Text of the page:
Speech by Emma Howard Boyd for the Westminster Business Forum Keynote Seminar: Green finance and the impact of climate change on financial services. What I can tell you with certainty is that investing in climate change adaptation will make us more resilient to the impacts of events like hurricane Dorian. And if we think globally and act innovatively when making those investments, we can make a difference around the world – for people, for the environment, and for economies. There are three essential points I want to make today: First – Storms, floods, droughts and heatwaves are getting worse. The science tells us this, and we can see it with our own eyes here in the UK and all over the world. Second – We have a moral responsibility to act. As policy makers, investors and business people, it is our responsibility to protect the assets that are entrusted to us and ensure that they are resilient to all kinds of risk – including climate risk. Third – It is in the economic interests of governments and businesses to act. Failure to do so will be disastrous for our economic interests all over the world, and acting now will help businesses to prosper.
Environment Agency 10th Sept 2019 read more »
About 200 world leaders and up to 30,000 delegates will converge on Glasgow next year for a UN climate change summit, it was announced last night. President Putin, Angela Merkel and President Macron are among those expected to attend. COP26, or the 26th Conference of the Parties to the UN climate change convention, has been described as the most important gathering on climate change since the Paris agreement in 2015. It will be held at the Scottish Events Campus in Glasgow in November or December after a successful UK bid to host the event. The main summit is in the UK, while Italy has agreed to put on preparatory events. The Scottish government joined MSPs and environmental activists in welcoming the news, describing their delight that the “fight back against the climate emergency will begin in Glasgow”. Roseanna Cunningham, the Scottish climate change secretary, said the decision to host the event in Scotland was right “given our leadership on climate action”. She added: “Scotland was one of the first countries in the world to acknowledge the global climate emergency and the Scottish government has introduced the toughest targets in the UK to ensure our action matches the scale of our climate ambitions.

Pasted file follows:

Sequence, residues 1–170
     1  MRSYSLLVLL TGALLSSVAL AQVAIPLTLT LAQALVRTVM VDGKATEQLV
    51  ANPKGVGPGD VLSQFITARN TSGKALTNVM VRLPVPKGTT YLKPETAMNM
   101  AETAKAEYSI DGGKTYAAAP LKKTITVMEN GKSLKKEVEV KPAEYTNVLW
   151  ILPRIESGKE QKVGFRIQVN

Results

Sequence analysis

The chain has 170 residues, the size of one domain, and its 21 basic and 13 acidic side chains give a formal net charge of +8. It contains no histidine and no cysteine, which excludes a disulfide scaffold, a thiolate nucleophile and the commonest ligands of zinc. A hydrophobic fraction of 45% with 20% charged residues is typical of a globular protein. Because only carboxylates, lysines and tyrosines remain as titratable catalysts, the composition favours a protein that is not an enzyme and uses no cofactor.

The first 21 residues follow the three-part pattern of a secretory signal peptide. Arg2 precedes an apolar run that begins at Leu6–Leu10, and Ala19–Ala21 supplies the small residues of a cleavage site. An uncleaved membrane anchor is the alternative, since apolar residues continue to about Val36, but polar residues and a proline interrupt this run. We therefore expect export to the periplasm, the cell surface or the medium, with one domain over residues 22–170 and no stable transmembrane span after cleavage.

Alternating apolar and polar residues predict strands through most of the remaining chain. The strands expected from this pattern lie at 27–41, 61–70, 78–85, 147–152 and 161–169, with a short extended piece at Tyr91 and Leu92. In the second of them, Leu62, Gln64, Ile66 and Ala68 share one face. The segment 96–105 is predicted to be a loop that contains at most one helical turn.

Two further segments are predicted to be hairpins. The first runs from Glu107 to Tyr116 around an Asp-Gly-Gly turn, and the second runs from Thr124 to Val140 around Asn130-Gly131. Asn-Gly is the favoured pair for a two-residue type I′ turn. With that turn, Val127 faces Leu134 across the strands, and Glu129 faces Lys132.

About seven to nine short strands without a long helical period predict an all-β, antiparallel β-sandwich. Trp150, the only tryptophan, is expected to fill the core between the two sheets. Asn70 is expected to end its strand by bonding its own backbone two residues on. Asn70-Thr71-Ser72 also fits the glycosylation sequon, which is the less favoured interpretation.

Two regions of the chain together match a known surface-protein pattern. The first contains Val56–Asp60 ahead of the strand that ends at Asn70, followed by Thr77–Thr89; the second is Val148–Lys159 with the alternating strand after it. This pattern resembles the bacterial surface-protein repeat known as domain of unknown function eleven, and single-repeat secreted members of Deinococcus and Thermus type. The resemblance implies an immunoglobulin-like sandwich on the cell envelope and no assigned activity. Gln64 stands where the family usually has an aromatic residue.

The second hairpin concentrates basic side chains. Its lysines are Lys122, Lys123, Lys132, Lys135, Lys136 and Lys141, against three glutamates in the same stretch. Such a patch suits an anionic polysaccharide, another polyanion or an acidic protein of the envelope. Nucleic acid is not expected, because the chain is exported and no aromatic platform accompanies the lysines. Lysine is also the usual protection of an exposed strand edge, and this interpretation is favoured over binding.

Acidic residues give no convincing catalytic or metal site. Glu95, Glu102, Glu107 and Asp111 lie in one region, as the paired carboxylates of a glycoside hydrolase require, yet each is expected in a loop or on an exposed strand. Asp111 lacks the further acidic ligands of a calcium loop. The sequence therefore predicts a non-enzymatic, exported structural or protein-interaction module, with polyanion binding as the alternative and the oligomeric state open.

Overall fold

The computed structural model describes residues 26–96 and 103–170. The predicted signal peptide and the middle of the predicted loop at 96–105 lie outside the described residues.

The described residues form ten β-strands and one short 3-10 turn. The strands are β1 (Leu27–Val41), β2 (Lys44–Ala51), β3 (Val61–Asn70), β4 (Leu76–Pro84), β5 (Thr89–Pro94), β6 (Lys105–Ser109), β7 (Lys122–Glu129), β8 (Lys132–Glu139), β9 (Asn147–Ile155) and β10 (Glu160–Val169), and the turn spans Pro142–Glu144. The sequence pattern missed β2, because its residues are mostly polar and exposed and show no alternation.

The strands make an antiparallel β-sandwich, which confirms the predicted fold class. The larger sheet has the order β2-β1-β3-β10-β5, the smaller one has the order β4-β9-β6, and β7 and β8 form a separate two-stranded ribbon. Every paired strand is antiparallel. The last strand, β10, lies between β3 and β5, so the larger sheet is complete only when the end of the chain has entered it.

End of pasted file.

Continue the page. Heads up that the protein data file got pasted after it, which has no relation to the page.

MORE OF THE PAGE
Times 11th Sept 2019 read more »
BBC 10th Sept 2019 read more »
Scotsman 10th Sept 2019 read more »
Herald 10th Sept 2019 read more »
The National 10th Sept 2019 read more »
Guardian 10th Sept 2019 read more »
Business Green 10th Sept 2019 read more »
The world’s readiness for the inevitable effects of the climate crisis is “gravely insufficient”, according to a new report from global leaders. This lack of preparedness will result in poverty, water shortages and levels of migration soaring, with an “irrefutable toll on human life”, the report warns. Trillion-dollar investment is needed to avert “climate apartheid”, where the rich escape the effects and the poor do not, but this investment is far smaller than the eventual cost of doing nothing. The study says the greatest obstacle is not money but a lack of “political leadership that shakes people out of their collective slumber”. A “revolution” is needed in how the dangers of global heating are understood and planned for, and solutions are funded. The report has been produced by the Global Commission on Adaptation (GCA), convened by 18 nations including the UK. It has contributions from the former UN secretary general Ban Ki-moon, the Microsoft founder, Bill Gates, environment ministers from China, India and Canada, the heads of the World Bank and the UN climate and environment divisions, and others.
Edie 10th Sept 2019 read more »
Leaked communications suggest that the UN’s refugee agency is censoring itself on the climate crisis and the global compact on migration, following pressure from the US government. An email sent by a US-based official of the International Organization for Migration (IOM) on 28 August to colleagues around the world relayed that the US state department’s Bureau of Population, Refugees and Migration (PRM) told the agency documents related to programme activities it funds “must not be in conflict with current [US government] political sensitivities”. Sensitivities include the climate crisis, sustainable development goals, the global compact for migration and “anything that seems at odds with the administration’s take on US domestic/foreign issues”, the official wrote in the email.
Guardian 11th Sept 2019 read more »